Looking at our own British Jewish community, there is a lot to be proud of.
We see highly successful women in senior leadership roles right across the community. Marie van der Zyl is in her second term as President of the Board of Deputies, while the Jewish Leadership Council is headed by Claudia Mendoza and Michelle Janes, who job-share the role of CEO.
Women rabbis hold senior pulpits and positions across the Progressive movements, including Rabbi Charley Baginsky as the CEO of Liberal Judaism. And changes are happening within Orthodoxy too – including the recent news that Miriam Lorie is to be the ‘rabbi in training’ at partnership minyan Kehillat Nashira.
In our communal charities, female leaders and CEOs have gone from the exception to the norm – among them Dr Beverley Jacobson at Norwood, Naomi Dixon at Jewish Women’s Aid, Lisa Steele at Chai Cancer Care and Lisa Wimborne at Jewish Blind & Disabled. That there are too many others to list here shows how much things have changed.
The most welcome aspect is that appointments which were once described as ‘firsts’ or even ‘history making’ are now nothing out of the ordinary.
However, as my team and I know from our day-to-day conversations with clients at Work Avenue, in the world of work and business there are still a number of barriers that need to be broken down.
Many women we speak to face obstacles, both real and perceived, when it comes to finding work, climbing the career ladder or starting a business. Obstacles that aren’t always there for men.
Despite the pandemic bringing us home and flexible working, which many felt narrowed the playing field between genders, there is now a sense that the return to offices will see it widen once again.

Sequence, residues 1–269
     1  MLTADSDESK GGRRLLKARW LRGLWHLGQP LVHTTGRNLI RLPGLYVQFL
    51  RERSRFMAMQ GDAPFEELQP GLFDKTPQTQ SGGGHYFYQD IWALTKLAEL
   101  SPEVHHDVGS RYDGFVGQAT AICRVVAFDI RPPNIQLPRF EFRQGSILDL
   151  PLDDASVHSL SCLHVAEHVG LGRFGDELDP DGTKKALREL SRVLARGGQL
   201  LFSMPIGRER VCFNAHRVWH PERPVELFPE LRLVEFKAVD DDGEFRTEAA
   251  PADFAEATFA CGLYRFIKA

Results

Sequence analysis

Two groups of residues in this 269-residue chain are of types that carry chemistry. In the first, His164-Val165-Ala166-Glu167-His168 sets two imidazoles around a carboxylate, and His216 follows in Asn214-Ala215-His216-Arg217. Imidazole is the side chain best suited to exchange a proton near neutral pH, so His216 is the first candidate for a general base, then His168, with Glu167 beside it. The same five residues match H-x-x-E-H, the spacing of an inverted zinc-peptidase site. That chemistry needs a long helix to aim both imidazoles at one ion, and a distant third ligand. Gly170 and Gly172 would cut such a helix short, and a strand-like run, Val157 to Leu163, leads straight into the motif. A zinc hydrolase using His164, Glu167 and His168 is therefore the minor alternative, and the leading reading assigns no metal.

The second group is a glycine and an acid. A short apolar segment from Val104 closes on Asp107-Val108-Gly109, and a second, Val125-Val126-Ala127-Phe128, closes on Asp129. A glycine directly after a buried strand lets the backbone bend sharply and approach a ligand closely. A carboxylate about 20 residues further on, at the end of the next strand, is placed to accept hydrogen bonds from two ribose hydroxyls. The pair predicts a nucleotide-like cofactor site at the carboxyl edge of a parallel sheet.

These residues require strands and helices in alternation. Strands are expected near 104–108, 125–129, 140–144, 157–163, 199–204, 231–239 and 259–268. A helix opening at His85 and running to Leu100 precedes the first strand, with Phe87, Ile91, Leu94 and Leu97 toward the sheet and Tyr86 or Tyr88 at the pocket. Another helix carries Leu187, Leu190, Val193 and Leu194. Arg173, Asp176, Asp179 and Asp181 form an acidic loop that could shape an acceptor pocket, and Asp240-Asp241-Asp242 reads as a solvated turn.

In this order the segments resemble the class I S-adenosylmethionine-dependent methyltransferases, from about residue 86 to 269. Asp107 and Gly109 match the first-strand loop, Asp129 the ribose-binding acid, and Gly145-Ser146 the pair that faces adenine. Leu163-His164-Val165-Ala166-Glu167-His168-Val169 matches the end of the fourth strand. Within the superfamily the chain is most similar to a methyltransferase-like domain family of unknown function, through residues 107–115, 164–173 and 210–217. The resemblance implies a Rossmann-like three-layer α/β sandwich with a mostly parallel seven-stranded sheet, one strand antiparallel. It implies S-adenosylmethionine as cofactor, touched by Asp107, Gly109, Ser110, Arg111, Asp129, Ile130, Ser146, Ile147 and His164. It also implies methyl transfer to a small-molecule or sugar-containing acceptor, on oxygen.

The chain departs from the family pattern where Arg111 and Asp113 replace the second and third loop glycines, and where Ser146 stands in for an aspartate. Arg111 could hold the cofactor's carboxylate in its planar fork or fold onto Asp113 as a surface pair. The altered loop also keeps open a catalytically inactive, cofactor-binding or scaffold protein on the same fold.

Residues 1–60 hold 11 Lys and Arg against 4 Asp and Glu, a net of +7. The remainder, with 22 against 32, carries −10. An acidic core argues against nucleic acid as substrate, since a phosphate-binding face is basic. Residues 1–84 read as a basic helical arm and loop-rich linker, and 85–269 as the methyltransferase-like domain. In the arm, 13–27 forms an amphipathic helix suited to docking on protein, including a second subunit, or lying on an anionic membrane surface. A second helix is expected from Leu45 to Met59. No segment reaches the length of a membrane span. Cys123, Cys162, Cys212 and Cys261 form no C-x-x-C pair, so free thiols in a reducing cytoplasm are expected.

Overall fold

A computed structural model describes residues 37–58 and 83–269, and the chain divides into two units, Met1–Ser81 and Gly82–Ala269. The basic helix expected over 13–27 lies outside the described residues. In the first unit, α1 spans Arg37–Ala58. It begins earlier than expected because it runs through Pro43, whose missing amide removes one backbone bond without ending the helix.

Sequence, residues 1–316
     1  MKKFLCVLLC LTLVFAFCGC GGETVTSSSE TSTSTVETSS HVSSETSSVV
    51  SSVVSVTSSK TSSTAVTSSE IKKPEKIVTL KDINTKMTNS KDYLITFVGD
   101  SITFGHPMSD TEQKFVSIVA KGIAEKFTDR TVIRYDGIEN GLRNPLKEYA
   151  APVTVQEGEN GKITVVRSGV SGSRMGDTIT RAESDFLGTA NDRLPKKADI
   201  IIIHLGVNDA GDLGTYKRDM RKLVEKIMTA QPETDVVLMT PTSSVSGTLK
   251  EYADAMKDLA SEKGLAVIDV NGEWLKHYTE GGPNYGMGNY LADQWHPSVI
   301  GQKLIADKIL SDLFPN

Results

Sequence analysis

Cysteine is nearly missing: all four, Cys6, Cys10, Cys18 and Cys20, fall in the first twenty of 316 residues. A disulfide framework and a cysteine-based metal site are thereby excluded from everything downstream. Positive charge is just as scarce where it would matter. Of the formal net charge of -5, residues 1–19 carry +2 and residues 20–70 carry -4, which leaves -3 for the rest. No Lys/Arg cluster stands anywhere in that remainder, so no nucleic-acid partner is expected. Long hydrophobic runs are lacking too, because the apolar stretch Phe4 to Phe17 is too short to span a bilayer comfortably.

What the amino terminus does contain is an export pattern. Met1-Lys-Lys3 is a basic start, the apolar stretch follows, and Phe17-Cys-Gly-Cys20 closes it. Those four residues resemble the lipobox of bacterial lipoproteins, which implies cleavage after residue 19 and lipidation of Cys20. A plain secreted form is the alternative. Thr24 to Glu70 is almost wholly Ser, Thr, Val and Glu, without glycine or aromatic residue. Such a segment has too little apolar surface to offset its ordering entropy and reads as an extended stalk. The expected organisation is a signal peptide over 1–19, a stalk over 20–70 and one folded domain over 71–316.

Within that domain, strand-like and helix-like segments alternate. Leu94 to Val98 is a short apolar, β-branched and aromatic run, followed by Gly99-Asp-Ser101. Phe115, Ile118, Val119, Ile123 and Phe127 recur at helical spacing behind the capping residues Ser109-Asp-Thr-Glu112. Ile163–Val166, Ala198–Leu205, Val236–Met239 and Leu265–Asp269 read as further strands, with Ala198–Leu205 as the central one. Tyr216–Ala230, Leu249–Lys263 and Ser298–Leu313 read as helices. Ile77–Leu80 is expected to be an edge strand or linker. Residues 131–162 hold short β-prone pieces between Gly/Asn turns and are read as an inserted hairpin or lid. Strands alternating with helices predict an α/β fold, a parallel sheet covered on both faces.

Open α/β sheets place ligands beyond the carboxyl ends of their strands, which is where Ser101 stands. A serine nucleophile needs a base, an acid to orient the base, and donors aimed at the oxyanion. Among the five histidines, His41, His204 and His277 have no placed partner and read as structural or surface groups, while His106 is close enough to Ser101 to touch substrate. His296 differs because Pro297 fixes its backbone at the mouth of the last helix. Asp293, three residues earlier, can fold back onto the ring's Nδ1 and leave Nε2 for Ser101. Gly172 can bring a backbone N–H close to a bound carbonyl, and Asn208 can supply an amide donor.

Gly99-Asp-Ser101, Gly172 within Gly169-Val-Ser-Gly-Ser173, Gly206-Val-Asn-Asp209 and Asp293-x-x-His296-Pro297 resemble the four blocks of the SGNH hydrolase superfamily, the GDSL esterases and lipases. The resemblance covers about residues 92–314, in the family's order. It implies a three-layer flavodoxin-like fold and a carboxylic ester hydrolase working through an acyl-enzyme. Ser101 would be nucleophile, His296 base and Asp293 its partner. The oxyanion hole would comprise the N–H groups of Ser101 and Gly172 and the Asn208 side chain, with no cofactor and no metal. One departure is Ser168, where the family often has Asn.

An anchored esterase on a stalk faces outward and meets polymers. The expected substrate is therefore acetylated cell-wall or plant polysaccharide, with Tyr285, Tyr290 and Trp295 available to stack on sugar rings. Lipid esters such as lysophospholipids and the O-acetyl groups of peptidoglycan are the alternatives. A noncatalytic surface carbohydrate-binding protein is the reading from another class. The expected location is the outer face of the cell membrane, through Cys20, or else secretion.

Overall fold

Bank of England policymaker Catherine Mann has warned that some employees returning to offices while others continue to work from home will create “the potential for two tracks”, arguing that it will largely be men on the physical track, who will then do better than the women on the virtual one.
This was backed up by a study from Aviva which found that the return to the office could deepen the gender divide, reporting that those with primary care roles for children or elderly relatives – which is most often women – are feeling under increasing strain.
In the Jewish community, having that primary care role can also add further stresses – such as being unable to travel to a work place on Fridays, due to the need to collect the kids from Jewish schools with early pick-ups and/or prepare for Shabbat.
Then there are the barriers that have always existed. Through more than 15 years of working with members of the Jewish community, of all ages and backgrounds, our team have identified a number of hurdles that seem to disproportionally affect our female clients.
These include issues around confidence and self-esteem, a fear of the unknown, a nagging doubt that “I’m not ready” and a constant feeling of being torn between home and working lives.
It’s why we hold an annual Women in the Workplace conference to tie in with International Women’s Day.
It features a range of successful female business leaders and entrepreneurs, who inspire through the stories of both their achievements and their challenges.
As every year passes, we see more and more highly successful Jewish women in the worlds of work and business.
But we also know that many others still struggle with these barriers. The good news is that help and inspiration are always at hand.